As a Texan living in Italy, “Where are you from?” is a question I get asked a lot. It’s an easy answer; I grew up in Dallas and I have yet to meet an Italian who doesn’t know that it’s the city where either:

  1. JFK was shot, or
  2. the TV series Dallas was made.

I fall into this nebulous terrain on an Italian’s mental map, though few of them could indicate Texas on a map of the U.S. I am often, when describing where I’m from, constrained to superimpose a map of Europe over my internal map which results in comparisons like:

“Texas is about as big as France / Texas è più o meno la stessa grandezza della Francia.”

Or, time/distance equations with multiple variables:

“It takes the same amount of time to drive from Dallas to the border with Mexico as it does to drive from Liguria to Calabria / Ci vuole lo stesso tempo di guidare da Dallas al confine con il Messico, come fa a guidare dalla Liguria alla Calabria.”

The same size(mic) translation is required for my family and friends in Texas when trying to contextualize media frenzy over Italian earthquakes.

In blog land we are all in an ever evolving here, no matter how far apart we are. Here is where we begin our IPM exploration.

Where is your here? If you’ve written a poem that touches on mapping your cultural territory (interior or exterior) I’m interested in reading. Check out the submission guidelines HERE.

Stay tuned! Up next: Cultural Atlas of the Periphery and the Center…

IPM 2013 : You Are Here

International Poetry Month 2013


Vedi sotto per le linee guida per la presentazione in italiano (tutto in verde)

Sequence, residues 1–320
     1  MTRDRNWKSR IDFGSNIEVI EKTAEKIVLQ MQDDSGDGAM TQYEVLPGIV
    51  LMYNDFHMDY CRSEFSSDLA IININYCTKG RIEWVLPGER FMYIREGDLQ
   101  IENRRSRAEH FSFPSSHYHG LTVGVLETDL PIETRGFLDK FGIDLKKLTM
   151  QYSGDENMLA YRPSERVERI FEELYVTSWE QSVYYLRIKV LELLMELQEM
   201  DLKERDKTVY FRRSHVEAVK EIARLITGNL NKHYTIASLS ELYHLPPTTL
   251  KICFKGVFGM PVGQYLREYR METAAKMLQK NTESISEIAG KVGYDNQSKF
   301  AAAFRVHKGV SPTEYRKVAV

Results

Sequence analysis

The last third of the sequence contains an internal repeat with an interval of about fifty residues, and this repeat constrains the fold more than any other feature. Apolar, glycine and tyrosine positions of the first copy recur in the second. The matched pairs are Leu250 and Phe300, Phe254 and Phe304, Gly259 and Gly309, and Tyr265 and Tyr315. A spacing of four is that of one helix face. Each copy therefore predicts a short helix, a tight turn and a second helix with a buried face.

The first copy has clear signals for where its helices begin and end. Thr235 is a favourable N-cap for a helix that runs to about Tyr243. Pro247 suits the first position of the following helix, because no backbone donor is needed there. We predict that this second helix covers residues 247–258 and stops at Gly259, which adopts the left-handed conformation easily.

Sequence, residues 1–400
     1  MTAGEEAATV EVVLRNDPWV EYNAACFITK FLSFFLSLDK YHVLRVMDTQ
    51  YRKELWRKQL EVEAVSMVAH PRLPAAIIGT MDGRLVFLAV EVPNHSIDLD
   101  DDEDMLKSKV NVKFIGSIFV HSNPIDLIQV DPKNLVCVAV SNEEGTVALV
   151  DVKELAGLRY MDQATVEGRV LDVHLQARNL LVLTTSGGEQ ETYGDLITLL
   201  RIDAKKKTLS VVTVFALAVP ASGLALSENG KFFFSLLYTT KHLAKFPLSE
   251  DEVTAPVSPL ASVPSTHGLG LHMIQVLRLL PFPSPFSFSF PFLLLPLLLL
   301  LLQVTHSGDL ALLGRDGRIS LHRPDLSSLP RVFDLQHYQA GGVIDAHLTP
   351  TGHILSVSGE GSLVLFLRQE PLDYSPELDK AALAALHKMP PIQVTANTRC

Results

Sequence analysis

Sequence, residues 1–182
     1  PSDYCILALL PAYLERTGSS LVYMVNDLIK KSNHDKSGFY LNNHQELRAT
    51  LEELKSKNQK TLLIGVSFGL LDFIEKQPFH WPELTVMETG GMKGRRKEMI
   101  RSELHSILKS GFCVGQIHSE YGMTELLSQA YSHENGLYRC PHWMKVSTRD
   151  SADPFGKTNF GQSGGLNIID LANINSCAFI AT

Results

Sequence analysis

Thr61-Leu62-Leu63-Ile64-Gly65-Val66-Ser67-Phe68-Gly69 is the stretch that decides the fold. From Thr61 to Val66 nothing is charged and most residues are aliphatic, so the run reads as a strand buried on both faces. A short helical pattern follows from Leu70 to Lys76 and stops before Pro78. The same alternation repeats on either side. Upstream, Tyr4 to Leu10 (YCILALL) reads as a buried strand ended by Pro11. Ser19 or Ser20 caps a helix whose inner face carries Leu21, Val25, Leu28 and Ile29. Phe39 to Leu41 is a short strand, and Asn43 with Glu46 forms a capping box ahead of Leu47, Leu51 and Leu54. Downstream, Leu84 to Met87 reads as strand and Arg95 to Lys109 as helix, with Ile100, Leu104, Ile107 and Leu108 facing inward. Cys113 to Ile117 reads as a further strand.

Voir ci-dessous pour les directives de soumission en français (toute en blu)

The theme  for IPM 2013 will be Cultural Atlas:

How has your culture shaped your internal map? How does where you’re from affect how you see where and/or who you are? Which cultural points of connection/reference can be discovered in your poetry, even if obliquely?

Send submissions in any language (no more than 3 poems of any length) to:

You will receive a receipt confirmation and a response within one week of your submission.

Poems will be published during February of 2012. For poems in other languages an English translation is welcome but not obligatory.


INTERNAZIONALE MESE DELLA POESIA  2013 è ora aperto per contributi provenienti da ora fino al 15 febbraio 2013. Continua a leggere sotto per il tema di quest’anno e come inviare la vostra poesia:

Il tema di IPM 2013 sarà Atlante Culturale:

In che modo ha la tua cultura plasmato la tua mappa interna? Come le tue radici culturali o il tuo paese influenzano il modo di vedere dove e/o chi sei? Quali sono i punti culturali di collegamento / di riferimento può scoprire nella tua poesia, anche se obliquamente?

Inviare la poesia proposta (non più di 3 opere di qualsiasi lunghezza) al redazione a:

Riceverete una conferma di ricevuto e una risposta entro una settimana dalla vostra presentazione.

Le opere saranno pubblicate nel mese di febbraio (2013) come l’anno scorso, ma voglio avere la poesia in gennaio se possibile (in qualsiasi lingua – traduzione in inglese gradito ma non obbligatorio).


INTERNATIONAL Mois de la poésie 2013 est maintenant ouvert pour les soumissions à partir de maintenant jusqu’au 15 Février 2013. Continuer la lecture ci-dessous pour le thème de cette année et la façon de présenter votre poème:

Le thème de l’IPM 2012 sera l’Atlas Culturel:

Comment votre culture façonnée votre carte interne? Comment ça d’où vous venez affecter la façon dont vous voyez où et / ou qui vous êtes? Quels sont les points culturels de connexion / de référence peut être découvert dans votre poésie, même si obliquement?

Envoyer une proposition de poésie (pas plus de 3 œuvres de n’importe quelle longueur) à la rédaction:

bmcclellan.lapoeta @

Vous recevrez une confirmation et reçu une réponse dans une semaine après votre présentation.

Les œuvres seront publiés en Février (2013) que l’année dernière,
mais je veux avoir la poésie en Janvier si possible (dans n’importe quelle langue – traduction anglaise bienvenue mais pas obligatoire).

%d bloggers like this: